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Water power –the matured


Water power has a long history. water powered mills ground grain into flour. Such direct usage is now rare. electricity. Until the early twentieth century. and most water power is used to generate a convenient secondary energy source. sawed lumber and performed numerous other tasks. .

which is slightly more than by nuclear generation. Hydro power generation is an established technology and maybe as much as one fifth of the world's electricity is generated this way. . Hydro power is available by creating dams in stream and river flows.


Hydroelectric dam in cross section .

compressed air or any other source of mechanical energy. a wind turbine. generally using electromagnetic induction. a hand crank. an electrical generator is a device that converts mechanical energy to electrical energy. water falling through a turbine or waterwheel. The source of mechanical energy may be a reciprocating or turbine steam engine.In electricity generation. . an internal combustion engine.

Large Dams such as Hoover Dam are able to provide large amounts of hydroelectric power. . Hoover Dam is among the most recognized and renowned structures built by the Bureau of Reclamation.07 gigawatt capability. it has a 2. The dam was authorized under the Boulder Canyon Project.

providing a useful revenue stream to offset the costs of dam operation. .Advantages Economics   The major advantage of hydroelectricity is elimination of the cost of fuel. Where a dam serves multiple purposes. The cost of operating a hydroelectric plant is nearly immune to increases in the cost of fossil fuels. a hydroelectric plant may be added with relatively low construction cost.

While some carbon dioxide is produced during manufacture and construction of the project. this is a tiny fraction of the operating emissions of equivalent fossil-fuel electricity generation.Greenhouse gas emissions  Since hydroelectric dams do not burn fossil fuels. they do not directly produce carbon dioxide (a greenhouse gas). .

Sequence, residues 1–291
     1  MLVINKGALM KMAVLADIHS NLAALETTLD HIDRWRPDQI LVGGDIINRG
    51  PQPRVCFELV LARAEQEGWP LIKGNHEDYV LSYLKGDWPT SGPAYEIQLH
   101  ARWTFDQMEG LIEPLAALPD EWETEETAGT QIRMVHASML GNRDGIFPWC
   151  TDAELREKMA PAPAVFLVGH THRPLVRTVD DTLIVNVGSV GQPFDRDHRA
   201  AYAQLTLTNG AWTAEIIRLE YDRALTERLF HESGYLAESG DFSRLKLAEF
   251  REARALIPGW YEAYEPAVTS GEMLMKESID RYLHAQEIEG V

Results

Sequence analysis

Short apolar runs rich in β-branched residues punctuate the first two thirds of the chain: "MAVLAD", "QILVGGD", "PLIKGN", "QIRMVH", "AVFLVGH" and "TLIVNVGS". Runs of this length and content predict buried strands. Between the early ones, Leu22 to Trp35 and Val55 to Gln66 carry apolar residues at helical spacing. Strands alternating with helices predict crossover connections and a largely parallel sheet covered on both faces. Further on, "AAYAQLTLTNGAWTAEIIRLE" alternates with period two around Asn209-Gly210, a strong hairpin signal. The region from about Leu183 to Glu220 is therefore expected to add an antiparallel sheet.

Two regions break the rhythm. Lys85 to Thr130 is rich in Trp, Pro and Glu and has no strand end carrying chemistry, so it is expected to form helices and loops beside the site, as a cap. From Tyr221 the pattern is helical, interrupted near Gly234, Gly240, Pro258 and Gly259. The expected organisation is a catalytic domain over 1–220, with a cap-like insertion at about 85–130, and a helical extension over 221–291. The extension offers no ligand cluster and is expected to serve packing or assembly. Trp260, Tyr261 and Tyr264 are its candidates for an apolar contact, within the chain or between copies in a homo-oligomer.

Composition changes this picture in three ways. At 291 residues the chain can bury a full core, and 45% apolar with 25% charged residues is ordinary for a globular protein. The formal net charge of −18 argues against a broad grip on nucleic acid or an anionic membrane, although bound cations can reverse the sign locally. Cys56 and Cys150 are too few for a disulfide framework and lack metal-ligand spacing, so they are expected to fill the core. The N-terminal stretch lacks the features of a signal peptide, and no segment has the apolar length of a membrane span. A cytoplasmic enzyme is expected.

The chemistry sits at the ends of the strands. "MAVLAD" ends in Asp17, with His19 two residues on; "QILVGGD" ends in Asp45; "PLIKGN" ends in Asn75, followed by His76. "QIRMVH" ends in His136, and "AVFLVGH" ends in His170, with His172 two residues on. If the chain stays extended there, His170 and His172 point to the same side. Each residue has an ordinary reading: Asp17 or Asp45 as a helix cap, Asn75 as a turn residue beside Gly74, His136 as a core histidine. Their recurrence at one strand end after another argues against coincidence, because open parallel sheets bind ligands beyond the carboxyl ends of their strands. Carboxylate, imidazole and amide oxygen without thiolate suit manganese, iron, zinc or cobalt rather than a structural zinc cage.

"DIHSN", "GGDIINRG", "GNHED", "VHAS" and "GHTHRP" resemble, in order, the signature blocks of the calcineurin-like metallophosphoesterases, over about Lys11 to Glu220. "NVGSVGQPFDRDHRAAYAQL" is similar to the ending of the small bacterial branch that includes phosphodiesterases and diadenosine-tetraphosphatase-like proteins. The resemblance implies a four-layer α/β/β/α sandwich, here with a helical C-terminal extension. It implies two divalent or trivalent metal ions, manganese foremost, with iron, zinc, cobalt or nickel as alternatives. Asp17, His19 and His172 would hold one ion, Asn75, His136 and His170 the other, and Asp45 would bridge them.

Related activities  Reservoirs created by hydroelectric schemes often provide facilities for water sports. and become tourist attractions in themselves. In some countries. farming fish in the reservoirs is common. Multi-use dams installed for irrigation can support the fish farm with relatively constant water supply. .

. For instance.Disadvantages Environmental damage  Hydroelectric projects can be disruptive to surrounding aquatic ecosystems. studies have shown that dams along the Atlantic and Pacific coasts of North America have reduced salmon populations by preventing access to spawning grounds upstream. even though most dams in salmon habitat have fish ladders installed.

In many cases.Population relocation  Another disadvantage of hydroelectric dams is the need to relocate the people living where the reservoirs are planned. no amount of compensation can replace ancestral and cultural attachments to places that have spiritual value to the displaced population. . Such problems have arisen at the Three Gorges Dam project in China.

Dam failures  Failures of large dams. . while rare. are potentially serious — the Banqiao Dam failure in Southern China resulted in the deaths of 171. sabotage and terrorism.000 people and left millions homeless. Smaller dams and micro hydro facilities are less vulnerable to these threats. Dams may be subject to enemy bombardment during wartime.

Made by : Schiopu Nicoleta Tiganus Emilia Stefana Coordinated by : Schnabel Dieter .